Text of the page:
Growing pains that once plagued the local conservation center will see a new resurrection. The Mahaska County Conservation Center recently quadrupled its program participation, in attempt to match that of Linn County. There soon came a need for a larger space to house these programs. With a concept that began in August of 2008, the Mahaska County Conservation Board will soon break ground on the new Environmental Learning Center at Caldwell Park, just east of Oskaloosa.
Dave Sedivec, Mahaska County Conservation Board Director, addressed the Mahaska County Board of Supervisors on Monday, July 17. Sedivec thanked them again for approving the new building and that things with contractors have begun. He mentioned that contractors have begun to flood into the Oskaloosa area to reside as the building process begins.
With groundbreaking for this building set to occur next Thursday at 6:30 PM at Caldwell Park, and what better way to start off the celebration events than receiving a grant. The awarded grant is coming from the MidWestOne Foundation, which is awarding MidWestOne the Community Impact Grant. This specific grant will be utilized by the Mahaska County Conservation Center to put toward a specific exhibit in the new Environmental Learning Center east of Oskaloosa.
In 2010, Woolly Mammoth bones were discovered on a farm in rural Mahaska County. This $50,000 grant, from the MidWestOne Foundation, will cover the cost of an articulated life-sized mammoth skeleton, which is all man-made. A St. Louis based company, Taylor Made Fossils, has been chosen for the recreation of the mammoth. Taylor Made Fossils will construct the pieces, deliver them to the center and then assemble the skeleton on-site.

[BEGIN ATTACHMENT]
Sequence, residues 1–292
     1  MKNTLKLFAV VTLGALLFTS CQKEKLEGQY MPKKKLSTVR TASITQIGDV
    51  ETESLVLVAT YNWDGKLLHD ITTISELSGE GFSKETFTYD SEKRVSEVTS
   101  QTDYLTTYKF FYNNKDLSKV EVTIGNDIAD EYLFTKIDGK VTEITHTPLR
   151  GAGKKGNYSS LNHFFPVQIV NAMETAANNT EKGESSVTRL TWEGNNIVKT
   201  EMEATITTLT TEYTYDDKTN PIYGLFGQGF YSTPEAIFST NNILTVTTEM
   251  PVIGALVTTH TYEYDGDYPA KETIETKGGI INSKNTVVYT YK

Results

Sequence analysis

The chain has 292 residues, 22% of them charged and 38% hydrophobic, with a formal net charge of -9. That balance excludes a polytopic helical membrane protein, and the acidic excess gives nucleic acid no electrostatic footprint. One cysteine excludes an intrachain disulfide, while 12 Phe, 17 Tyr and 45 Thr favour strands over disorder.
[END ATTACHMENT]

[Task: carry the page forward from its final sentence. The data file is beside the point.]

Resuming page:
“This will be a display in their exhibit hall so that people can see the actual overwhelming size of the mammoth bones that were discovered here locally in Mahaska County,” said Jane Krutzfeldt, Administrative Associate at MidWestOne Bank.
Though the grant had been awarded to MidWestOne, donating it to the Environmental Learning Center will have such a profound impact on not only Oskaloosa, but many surrounding communities as well. Three different school districts and William Penn University will be impacted by the project, as well as countless conservation groups from the area. But being awarded the Community Impact Grant would not have been possible without the work of the staff at the Oskaloosa branch.
“The staff is very much behind this grant,” said Krutzfeldt. The grant was awarded to the local Oskaloosa MidWestOne branch due to staff involvement. Over 86% of the staff have pledged to volunteer their time at the Environmental Learning Center.
The community supports this project, and has taken steps to add other attractions to promote more traffic to the area.It is our hope that it can be enhanced through MidWestOne’s generosity in bestowing the MidWestOne Community Impact Grant, and allowing the featured attraction, our Woolly Mammoths, to reign once again.
The presentation of the check is slated for Monday, July 31st, at 9 AM at the MidWestOne Bank.
Again, groundbreaking on the Environmental Learning Center is set for Thursday, August 3rd at 6:30 PM at Caldwell Park.
For more information visit: www.mahaskaconservation.com